Thursday, December 31, 2009

The heart of a protector

A while ago, I took an online personality test and the results were amazingly accurate. They showed that I'm an Introvert, Sensing, Feeling and Judging. (ISFJ) My personality was described as a protector or a defender. When I saw the results, I immediately thought, "Wow! That's me!" This is a personality trait that I've come to recognize.

I tend to have compassion for the underdog and I immediately want to rescue them from hurt. I hate to see anyone or anything abused which is why I try to promote online groups like "The Animal Rescue Site" and "Not One Sparrow" which focus on animal rights. This has also led to a passion to inform people about the damage caused by spiritual abuse. I've never been one to march and protest but I do share online about those issues that have become important to me.

Being a protector is a wonderful characteristic but, like all personality traits, it also has its downside. After many years of struggling with this, I'm finally beginning to accept the fact that I can't rescue everyone.

A number of years ago, I was involved in a spiritually abusive church. Even after I became aware of what was happening, I stayed and a large part of the reason why was because of my desire to rescue the pastor and to see him set free. Also, I wanted to protect the people from his abuse. I finally left but I felt guilty for many years feeling like I had failed God. I've since come to understand that I left because it was time. God had accomplished in me all that he wanted to accomplish and it was just time to leave.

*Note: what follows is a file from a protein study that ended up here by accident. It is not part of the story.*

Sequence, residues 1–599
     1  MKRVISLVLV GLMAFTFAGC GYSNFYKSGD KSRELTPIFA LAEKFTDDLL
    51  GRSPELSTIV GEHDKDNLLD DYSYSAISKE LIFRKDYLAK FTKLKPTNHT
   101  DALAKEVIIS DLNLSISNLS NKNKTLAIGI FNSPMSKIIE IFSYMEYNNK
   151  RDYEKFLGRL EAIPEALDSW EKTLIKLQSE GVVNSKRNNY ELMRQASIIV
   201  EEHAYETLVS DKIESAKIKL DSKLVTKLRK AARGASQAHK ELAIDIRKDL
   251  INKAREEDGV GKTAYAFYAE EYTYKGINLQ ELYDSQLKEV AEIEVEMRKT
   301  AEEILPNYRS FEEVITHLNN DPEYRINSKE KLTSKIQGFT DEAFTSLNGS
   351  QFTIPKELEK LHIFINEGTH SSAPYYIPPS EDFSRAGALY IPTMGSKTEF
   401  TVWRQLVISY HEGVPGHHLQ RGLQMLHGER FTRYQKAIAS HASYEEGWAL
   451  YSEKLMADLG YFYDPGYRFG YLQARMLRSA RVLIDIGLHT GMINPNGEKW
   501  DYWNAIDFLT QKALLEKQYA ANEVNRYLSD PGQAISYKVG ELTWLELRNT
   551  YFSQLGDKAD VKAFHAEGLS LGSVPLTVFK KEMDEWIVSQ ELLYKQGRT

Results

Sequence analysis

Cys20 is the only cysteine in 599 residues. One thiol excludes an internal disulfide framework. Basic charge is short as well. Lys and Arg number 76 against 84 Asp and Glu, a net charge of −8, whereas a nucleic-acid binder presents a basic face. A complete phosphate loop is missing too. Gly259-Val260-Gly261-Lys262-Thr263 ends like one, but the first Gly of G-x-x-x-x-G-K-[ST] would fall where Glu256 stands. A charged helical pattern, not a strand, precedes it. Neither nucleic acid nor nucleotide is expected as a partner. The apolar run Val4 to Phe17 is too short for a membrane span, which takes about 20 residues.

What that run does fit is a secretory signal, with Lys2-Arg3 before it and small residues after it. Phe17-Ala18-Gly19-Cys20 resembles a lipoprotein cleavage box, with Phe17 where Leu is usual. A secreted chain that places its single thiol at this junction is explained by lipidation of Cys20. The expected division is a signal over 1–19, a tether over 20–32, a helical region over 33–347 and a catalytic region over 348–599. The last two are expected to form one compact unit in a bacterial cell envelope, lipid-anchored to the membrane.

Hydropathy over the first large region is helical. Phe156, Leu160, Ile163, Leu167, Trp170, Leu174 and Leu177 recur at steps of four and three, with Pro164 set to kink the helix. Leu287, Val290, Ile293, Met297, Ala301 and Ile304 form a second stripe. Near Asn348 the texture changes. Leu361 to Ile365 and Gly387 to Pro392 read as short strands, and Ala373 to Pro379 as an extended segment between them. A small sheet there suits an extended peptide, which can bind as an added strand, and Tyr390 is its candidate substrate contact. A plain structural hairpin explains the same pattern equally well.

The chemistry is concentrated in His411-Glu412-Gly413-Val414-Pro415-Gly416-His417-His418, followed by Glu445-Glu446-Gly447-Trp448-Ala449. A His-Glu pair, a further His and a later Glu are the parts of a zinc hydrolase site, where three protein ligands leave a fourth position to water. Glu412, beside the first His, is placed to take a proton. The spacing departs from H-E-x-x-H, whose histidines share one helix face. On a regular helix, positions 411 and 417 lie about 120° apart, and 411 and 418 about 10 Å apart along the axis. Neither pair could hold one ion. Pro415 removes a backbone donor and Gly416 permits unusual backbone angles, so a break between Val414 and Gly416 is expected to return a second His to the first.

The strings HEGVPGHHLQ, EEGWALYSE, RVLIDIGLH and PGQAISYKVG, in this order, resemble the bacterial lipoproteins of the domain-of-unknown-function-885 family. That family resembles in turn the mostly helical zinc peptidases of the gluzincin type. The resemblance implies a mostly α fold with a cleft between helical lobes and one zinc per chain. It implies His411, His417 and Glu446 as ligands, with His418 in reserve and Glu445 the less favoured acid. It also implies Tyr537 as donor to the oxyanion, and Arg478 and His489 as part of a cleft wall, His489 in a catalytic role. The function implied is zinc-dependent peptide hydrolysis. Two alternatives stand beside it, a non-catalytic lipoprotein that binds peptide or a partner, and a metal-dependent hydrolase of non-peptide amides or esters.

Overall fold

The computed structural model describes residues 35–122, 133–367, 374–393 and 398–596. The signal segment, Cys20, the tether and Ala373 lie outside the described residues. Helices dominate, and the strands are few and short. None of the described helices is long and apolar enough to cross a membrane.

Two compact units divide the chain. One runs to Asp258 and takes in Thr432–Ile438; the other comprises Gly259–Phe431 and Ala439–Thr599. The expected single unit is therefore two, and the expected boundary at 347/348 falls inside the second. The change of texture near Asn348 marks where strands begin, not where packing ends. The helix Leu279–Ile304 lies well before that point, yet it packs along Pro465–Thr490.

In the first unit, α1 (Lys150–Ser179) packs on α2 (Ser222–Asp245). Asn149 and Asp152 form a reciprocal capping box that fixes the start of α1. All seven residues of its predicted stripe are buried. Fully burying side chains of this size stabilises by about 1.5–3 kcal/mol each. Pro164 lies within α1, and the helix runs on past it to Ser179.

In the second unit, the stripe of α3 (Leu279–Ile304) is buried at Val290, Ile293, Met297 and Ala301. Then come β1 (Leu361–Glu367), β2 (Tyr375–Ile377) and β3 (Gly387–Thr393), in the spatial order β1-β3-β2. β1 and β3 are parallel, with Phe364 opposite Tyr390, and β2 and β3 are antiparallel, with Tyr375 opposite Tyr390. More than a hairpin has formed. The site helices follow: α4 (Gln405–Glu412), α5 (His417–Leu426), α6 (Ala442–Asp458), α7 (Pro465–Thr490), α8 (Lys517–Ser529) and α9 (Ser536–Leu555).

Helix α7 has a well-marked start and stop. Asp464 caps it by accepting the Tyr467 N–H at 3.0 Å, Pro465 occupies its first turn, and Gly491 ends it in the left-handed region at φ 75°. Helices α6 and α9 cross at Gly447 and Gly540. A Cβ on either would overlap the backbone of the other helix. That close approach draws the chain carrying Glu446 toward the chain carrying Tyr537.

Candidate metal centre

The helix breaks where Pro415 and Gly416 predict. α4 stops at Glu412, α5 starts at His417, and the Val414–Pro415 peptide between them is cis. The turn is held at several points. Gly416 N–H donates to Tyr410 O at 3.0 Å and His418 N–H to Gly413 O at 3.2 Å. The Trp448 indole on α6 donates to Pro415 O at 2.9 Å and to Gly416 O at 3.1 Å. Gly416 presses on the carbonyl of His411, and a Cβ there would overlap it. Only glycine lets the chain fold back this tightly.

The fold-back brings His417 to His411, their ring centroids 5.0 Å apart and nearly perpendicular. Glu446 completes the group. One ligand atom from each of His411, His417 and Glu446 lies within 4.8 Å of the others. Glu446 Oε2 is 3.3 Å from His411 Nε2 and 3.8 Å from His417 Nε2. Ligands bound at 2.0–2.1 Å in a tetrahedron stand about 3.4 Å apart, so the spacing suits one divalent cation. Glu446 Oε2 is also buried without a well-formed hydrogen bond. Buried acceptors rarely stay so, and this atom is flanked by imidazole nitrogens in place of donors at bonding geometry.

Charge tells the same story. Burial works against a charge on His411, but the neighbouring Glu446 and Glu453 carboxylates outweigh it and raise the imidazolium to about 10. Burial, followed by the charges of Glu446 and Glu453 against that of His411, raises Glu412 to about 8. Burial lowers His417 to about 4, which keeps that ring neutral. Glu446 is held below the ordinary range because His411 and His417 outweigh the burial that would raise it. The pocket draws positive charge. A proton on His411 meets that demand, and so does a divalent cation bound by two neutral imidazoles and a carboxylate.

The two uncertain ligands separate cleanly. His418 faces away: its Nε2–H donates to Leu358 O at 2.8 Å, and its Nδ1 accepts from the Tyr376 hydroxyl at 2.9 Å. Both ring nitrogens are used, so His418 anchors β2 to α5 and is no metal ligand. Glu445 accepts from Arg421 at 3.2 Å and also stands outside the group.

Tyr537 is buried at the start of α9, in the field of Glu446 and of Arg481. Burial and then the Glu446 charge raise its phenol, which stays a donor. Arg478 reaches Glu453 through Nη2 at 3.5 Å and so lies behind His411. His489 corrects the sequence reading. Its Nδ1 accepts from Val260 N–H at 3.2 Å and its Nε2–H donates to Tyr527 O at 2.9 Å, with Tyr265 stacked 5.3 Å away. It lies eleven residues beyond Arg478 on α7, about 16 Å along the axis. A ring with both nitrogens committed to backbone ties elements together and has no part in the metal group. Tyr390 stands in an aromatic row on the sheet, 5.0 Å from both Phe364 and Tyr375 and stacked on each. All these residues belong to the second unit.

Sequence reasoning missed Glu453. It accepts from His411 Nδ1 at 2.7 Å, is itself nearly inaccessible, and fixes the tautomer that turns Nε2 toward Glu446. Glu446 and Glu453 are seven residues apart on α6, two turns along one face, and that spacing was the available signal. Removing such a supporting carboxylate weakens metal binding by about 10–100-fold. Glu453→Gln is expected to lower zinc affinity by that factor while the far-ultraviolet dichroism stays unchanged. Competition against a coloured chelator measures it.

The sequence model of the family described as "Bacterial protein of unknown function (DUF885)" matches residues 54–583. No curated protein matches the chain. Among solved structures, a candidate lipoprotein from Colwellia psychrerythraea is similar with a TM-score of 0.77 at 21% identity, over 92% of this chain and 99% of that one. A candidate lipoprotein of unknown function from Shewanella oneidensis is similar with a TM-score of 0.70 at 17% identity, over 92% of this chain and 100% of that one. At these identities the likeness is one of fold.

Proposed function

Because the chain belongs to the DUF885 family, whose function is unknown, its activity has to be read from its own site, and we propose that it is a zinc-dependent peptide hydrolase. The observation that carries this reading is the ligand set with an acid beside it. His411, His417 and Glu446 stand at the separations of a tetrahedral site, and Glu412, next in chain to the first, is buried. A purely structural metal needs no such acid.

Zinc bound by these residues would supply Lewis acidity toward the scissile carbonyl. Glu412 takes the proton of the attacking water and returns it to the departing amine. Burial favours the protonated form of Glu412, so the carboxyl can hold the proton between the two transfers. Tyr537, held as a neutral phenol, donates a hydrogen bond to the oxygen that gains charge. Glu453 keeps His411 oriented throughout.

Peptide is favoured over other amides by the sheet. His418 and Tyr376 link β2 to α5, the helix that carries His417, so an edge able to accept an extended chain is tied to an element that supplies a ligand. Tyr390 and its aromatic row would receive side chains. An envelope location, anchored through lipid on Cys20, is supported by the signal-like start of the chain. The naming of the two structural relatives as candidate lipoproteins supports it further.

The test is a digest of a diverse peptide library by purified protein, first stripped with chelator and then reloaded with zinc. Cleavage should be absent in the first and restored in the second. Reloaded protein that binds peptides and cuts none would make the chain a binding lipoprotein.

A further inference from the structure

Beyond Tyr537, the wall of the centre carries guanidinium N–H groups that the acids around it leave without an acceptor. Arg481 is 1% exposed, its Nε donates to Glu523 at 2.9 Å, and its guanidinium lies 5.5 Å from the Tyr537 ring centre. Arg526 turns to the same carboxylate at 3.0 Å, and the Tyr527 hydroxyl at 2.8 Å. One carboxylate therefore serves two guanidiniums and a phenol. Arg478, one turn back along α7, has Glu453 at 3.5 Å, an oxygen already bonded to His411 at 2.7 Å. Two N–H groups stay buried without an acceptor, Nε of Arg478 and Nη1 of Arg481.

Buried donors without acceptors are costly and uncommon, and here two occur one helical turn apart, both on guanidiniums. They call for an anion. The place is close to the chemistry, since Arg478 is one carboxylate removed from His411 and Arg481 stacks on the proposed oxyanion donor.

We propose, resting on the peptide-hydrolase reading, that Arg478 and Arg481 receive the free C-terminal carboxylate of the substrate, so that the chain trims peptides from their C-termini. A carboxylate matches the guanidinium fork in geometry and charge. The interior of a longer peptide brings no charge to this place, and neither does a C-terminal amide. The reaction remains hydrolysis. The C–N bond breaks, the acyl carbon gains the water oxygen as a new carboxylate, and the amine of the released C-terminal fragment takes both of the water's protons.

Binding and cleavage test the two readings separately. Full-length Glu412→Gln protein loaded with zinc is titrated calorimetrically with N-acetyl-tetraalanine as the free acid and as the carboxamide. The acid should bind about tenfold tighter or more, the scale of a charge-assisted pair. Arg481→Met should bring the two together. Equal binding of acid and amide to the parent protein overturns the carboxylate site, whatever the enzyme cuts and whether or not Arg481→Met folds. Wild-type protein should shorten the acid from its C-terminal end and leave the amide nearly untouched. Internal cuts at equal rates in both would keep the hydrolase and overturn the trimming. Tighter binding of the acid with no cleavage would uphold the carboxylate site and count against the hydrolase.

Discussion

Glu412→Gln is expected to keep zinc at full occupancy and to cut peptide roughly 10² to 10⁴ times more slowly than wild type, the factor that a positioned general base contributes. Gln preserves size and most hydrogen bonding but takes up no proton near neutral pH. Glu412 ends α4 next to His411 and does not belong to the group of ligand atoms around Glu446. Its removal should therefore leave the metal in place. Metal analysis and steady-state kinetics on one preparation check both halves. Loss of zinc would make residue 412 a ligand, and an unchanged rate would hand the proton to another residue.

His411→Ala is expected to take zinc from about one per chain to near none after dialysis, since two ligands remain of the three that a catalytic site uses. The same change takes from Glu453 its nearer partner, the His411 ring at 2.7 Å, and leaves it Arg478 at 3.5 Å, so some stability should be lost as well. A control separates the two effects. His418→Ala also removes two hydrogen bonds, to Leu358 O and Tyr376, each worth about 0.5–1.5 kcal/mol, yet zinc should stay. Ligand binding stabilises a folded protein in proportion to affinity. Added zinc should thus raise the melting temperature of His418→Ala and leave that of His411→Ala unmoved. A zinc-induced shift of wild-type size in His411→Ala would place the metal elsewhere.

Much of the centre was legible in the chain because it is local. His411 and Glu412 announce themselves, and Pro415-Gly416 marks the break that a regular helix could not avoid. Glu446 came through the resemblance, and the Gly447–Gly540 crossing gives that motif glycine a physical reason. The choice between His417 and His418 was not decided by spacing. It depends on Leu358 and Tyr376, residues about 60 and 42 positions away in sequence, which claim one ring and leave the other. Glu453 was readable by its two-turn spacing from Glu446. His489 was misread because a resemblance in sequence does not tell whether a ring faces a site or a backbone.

Since I've become involved with online groups, I've once again seen this trait surface. Unless properly moderated, online groups tend to become extremely abusive. I was a member of two groups that became abusive and I finally had to terminate my membership. Even after I left, I would check in daily out of curiosity. Finally, in order to maintain my sanity, I had to drastically limit even that. I've found that I have to be extremely careful because seeing the abuse and feeling helpless to stop it is emotionally draining for me.

I stayed in both groups longer than I should have because I wanted to protect the other members. Worry and concern for their welfare was tearing me apart emotionally. Putting some distance between me and those abusive groups has helped me tremendously.

I’ve come to believe that it’s impossible to bypass leadership. They control all the cards and there’s nothing I can do to change them or the abusive system from the inside. The truth is each member is free to choose . . . they can stay or they can leave. It’s really up to them. I know people can be so emotionally beaten down that it’s hard to make decisions but ultimately, it’s up to them to take responsibility for their own rescue.